GONE BUT NOT FORGOTTEN
This section contains memories of the Brothers who have passed on but whose memory is kept alive in these anecdotes from the students they taught.
For those of you who are visiting this site and who did not attend school in the 1940's to the 1960's some of these stories will highlight what today is unacceptable behaviour on the part of educators (and students). But for those of us who grew up and went to school during those years...it was just how things were back then!
FIRST YEAR AT ST BERNARD'S: 78 OF US! - Contributor Ron Clark (ex-student and Old Boy)
Brother Walter was our First Year Form Teacher at St. Bernard's. We all called him "Wally". To this day, I don't know his given name. Incredible to recall, but "Wally" had 78 students in my first year at St. Bernard's in 1956. Not sure if it was fact or fiction...but we were led to believe that Bro. Walter was an Amateur Boxer in an earlier life. Fact or fiction…it worked. We did not want to "cross" Wally, just in case. How he and other Brothers controlled 78 boys aged about 12 years in the one large, long classroom, in the first year of High School, is still a wonder. However, it was "Wally" who seemed to carry the main burden. He had two holy pictures, on either side of the wide blackboard, so well placed and "angled" that he could view "reflected" activity at the back of the classroom. It was his mastery of the situation that impressed us. I often wonder what became of him.
When you consider that current classroom numbers are considered excessive, of over 25 students, then our era was exceptional. It is a testament to the skill and forbearance of Bro. Walter. We also had a quota of students from Malaya (Malaysia) join us. I felt very sorry for one fellow student from Malaya who found English very difficult, found even the mild cold weather too hard to bear...and did not return after only one term. The Malay students were expected to perform and learn, or they returned home. We were taught Latin by Brother Patrick, the then Principal. Bro. Patrick was a disciplinarian. Although Latin was a challenge, we all did well...a tribute to his teaching skill. Bro. Walter ("Wally") introduced us to Shakespeare via "Julius Caesar" play. An excellent choice for boys aged 12 years.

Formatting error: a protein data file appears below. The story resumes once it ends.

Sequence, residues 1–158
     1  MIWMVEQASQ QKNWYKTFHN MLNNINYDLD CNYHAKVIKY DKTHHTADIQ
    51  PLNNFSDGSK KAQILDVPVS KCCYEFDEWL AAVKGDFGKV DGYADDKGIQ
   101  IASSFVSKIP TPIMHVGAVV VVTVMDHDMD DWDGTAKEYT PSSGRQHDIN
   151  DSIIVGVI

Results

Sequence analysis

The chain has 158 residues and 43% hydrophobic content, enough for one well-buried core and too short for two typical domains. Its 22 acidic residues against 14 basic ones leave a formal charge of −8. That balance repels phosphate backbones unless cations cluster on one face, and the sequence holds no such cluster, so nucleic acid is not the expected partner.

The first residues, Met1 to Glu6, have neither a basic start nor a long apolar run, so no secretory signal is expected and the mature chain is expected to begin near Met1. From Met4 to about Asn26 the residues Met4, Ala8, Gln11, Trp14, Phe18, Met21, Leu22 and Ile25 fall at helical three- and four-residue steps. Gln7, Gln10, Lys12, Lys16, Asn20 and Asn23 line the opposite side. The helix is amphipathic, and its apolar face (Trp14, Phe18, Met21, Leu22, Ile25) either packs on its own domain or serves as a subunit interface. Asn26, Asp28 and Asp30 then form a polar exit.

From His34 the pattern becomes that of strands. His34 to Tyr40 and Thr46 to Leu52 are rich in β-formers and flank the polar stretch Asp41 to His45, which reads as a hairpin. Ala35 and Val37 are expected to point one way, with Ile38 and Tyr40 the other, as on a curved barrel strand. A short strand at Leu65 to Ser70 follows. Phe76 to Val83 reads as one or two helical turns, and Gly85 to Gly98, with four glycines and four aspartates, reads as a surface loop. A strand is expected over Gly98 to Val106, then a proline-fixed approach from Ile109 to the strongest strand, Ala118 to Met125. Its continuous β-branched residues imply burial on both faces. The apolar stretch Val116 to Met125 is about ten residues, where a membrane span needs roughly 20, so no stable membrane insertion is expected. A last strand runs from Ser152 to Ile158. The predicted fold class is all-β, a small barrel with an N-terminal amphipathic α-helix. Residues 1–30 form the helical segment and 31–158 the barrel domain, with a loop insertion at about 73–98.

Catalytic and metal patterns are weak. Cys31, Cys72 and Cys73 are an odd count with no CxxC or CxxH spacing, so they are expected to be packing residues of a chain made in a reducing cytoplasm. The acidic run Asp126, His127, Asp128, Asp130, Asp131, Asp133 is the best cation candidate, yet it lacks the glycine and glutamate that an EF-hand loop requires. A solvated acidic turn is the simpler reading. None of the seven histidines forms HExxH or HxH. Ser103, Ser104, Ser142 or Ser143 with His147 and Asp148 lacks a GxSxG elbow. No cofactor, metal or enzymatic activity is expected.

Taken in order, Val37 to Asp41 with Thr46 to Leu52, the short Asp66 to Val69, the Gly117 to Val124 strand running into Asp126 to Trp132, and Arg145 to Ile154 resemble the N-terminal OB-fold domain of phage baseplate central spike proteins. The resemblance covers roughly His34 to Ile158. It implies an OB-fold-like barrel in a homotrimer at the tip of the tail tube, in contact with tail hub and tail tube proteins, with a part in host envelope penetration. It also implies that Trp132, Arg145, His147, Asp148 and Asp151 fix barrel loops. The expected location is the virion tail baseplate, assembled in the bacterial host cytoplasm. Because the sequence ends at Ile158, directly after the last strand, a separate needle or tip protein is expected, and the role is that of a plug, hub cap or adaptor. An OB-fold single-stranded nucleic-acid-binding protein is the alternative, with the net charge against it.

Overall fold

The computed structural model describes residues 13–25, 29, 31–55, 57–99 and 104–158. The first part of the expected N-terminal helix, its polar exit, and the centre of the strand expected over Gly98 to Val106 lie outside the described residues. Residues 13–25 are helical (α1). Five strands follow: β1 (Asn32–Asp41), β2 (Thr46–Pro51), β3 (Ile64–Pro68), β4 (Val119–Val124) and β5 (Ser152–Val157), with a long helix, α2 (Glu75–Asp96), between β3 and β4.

Thank you Wally !
BRO CELCUS - Contributor Mike Burke (ex-student and Old Boy)
I was a member of Bro Celsus's first class at St Bernard's and remember him very fondly as, I believe, would everyone else in that class. I would have said that 1952 was his first year there, because in 1951 I was in First Year, and our beloved John Walch was our class teacher that year. Celsus was the following year, I'm sure. John might remember.[Compiler's Note: John did remember, of course, and it was 1952 when John started at St Bernards, other than that this story certainly rings true.]
He spent one year with us and was then moved to Clairveaux. Little bastards that we were, we made his life miserable, but paradoxically he was quite popular. For some reason, probably because he was too nice and, I think, painfully shy, or perhaps because he insisted on wearing his black skull cap everywhere (hence his nickname, Skull), he never really got control of us and we got up to incredible mischief! We fired ink-soaked spit balls at him and the blackboard (and the ceiling) whenever his back was turned, hung boot polish lids from the blinds so they would rattle against the windows whenever there was a breeze, which meant 24/7 in Katoomba as you know, and created general mayhem.